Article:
Monday, 22 January 2018

Building a career in technology means much more than being good with computers…

If you’re early in your career or haven’t yet started, finding a path that suits you is often easier said than done. When it comes to technology roles, there are many ways to get into the industry – whether that is earning certifications, or starting in an entry-level role and being promoted from there.

If your background is in computing, business informatics and related areas or not, here are some top tips for starting your career in technology:

Tailor your tech CV

Even though it creates a first impression with employers, chances are you don’t spend enough time on your CV. In fact, the majority of us are guilty of it!

By not tailoring your CV to the role that you are applying for, you are automatically selling yourself short. Technology professionals are often sourced by recruiters as opposed to the candidate actively applying for jobs. However, if you do hear about a job that will fit your ideal criteria, it is only sensible to position yourself for the role as best you can by flaunting what you have and what the employer wants.

Here are a few more pointers on writing your CV.

Properly prepare for your interview

Okay, you nailed the CV. Fantastic – but that’s only the first hurdle.

To increase your chances further, you need to excel in your interview preparation. As Benjamin Franklin said, “by failing to prepare, you are preparing to fail.” No, we don’t just mean getting your interview outfit sorted.

Start off by thinking about some potential questions that might come up. Maybe even go as far as pre-preparing answers to standard questions in advance so you are well rehearsed. We’ve all been in an interview before and couldn’t think what our biggest achievement is, resorting to a slightly less impressive story.

Tech interviews will usually concentrate on your skills as well as your mind-set so be prepared to test if your knowledge is up-to-date and relevant.

Another key element to your success is an interview information pack. This should include the following things:

  • Company information including print-offs from their website
  • Job specification
  • Package – full details about the basic salary and any additional benefits
  • Logistics – plan exactly how you’re getting to the interview
  • Recruitment process- Will there be a second interview? Will there be an assessment task?
  • Interviewers – find out the interviewer’s background and whether they have produced content for industry publications. Any talking point is better than none.

Read our full interview preparation guide here.

Aim lower

A common problem that newbies have is struggling to find the right role. This is because they often set their sights too high with a lack of real work experience to back it up.

We’re not saying you should undervalue your skills. By all means, aim for the stars. However, if you do not have experience in a previous tech-based role, there are a number of entry-level jobs out there to help you – that’s not to mention internships, apprenticeships and stints of work experience.

Examples include Junior Developers and Designers, Testers and Administrators, Helpdesk and Support positions. Have a look at our jobs page for available roles.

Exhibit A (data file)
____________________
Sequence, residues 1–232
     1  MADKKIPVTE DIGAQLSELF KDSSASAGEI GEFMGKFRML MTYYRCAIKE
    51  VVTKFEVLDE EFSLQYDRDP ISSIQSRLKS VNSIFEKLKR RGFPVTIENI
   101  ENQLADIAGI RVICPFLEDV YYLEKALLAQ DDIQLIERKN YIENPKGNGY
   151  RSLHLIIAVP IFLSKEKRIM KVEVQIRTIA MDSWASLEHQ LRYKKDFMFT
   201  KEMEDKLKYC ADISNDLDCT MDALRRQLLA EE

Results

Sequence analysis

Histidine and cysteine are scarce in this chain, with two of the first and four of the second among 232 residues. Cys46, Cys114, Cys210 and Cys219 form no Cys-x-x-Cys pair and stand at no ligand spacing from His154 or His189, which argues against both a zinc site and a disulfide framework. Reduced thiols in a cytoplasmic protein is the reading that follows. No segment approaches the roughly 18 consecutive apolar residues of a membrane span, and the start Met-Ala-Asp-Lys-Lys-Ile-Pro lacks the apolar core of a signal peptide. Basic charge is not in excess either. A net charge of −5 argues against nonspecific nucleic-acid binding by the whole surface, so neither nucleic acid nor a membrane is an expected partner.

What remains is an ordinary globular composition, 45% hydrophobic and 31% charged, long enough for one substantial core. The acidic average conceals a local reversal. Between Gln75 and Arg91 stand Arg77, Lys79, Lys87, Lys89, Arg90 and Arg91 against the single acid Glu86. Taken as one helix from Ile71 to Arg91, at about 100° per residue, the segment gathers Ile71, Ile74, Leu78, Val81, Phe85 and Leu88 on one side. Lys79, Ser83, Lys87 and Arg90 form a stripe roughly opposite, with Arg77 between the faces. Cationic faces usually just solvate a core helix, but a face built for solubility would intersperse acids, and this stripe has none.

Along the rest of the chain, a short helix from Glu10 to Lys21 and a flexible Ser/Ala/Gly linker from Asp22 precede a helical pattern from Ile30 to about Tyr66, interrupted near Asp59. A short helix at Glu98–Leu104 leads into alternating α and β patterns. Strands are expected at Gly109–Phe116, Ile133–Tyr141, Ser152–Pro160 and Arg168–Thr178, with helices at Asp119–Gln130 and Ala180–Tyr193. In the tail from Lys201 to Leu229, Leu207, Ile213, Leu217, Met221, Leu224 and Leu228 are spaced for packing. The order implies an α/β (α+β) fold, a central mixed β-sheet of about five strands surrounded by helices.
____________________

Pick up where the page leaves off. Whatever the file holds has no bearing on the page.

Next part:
So even if you’re looking for a more lucrative role, give yourself a couple of years, you will get there. Just be prepared to work your way up first.

Start networking

With sites like Stack Overflow and LinkedIn rising in popularity constantly, building a good network has never been more important.

People working in tech often stick together, meaning that making the right contacts could make miles of difference when it comes to finding your next role and many others in the future.

Attend IT events in your area alongside using social media to reach out to potential mentors and innovators. Start getting your name out there.

People working with large tech companies currently may one day be a leader in the next great start-up. Likewise, current start-ups generally hire based on skills and cultural fit, rather than previous experience – making networking even more imperative.

Expand your skillset

Never ignore an opportunity to grow, no matter how good you think your tech skills are.

Only proficient in one coding language? Take up a new one. Looking for a design role? Ensure your Photoshop skills are up to scratch. Struggling to demonstrate your talent with a CV? Build your own website and hyperlink it in every CV you send!

Adding something extra will make you more versatile and help to ensure your skills are always in-demand – potentially making you invaluable.

Get certified

Finally, saying you have the right skills is one thing, but showing them is so much better.

Getting yourself certified will help in backing up your attributes, and put everything you’ve learned into perspective. So whether it’s PHP or SharePoint, C# or CSS, find a qualification that will add value to your CV, and see what options are out there for you.

You may think it is difficult to get started but it really isn’t. More access to information than ever, paired with learning websites like Codecademy, Udemy and Skillshare will ensure that there is the perfect resource somewhere for you, both online and classroom-based. The bonus is that many of them are free.

You just need to take a chance on yourself.

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